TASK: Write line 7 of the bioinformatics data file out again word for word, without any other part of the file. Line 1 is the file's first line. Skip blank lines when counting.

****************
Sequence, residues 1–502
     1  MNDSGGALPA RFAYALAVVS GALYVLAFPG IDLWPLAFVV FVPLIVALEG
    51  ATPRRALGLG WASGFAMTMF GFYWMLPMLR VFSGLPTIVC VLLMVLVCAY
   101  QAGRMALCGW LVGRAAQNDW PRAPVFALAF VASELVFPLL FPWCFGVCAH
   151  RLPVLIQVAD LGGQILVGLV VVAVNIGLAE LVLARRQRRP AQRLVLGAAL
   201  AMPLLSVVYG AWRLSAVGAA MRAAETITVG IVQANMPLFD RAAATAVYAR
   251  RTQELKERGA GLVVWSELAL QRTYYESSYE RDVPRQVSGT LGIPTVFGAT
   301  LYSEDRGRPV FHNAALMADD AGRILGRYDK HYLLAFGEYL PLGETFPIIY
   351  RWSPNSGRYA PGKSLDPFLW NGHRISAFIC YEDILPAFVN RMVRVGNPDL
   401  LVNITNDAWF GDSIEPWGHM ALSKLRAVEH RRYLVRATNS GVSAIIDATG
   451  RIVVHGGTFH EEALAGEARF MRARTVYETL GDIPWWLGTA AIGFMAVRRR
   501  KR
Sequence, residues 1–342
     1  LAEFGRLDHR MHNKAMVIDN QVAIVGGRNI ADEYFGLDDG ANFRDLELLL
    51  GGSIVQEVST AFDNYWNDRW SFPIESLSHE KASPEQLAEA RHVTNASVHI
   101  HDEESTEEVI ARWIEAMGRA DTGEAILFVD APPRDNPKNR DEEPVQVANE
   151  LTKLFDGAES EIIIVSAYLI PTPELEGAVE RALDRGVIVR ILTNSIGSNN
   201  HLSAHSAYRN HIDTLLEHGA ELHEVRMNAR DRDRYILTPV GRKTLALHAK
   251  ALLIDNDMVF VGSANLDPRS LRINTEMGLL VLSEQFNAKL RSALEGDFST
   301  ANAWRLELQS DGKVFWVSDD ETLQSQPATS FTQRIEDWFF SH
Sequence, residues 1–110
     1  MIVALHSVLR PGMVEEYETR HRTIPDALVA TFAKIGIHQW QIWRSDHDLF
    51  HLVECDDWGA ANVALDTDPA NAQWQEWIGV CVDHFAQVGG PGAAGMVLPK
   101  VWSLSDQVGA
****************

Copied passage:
   251  RTQELKERGA GLVVWSELAL QRTYYESSYE RDVPRQVSGT LGIPTVFGAT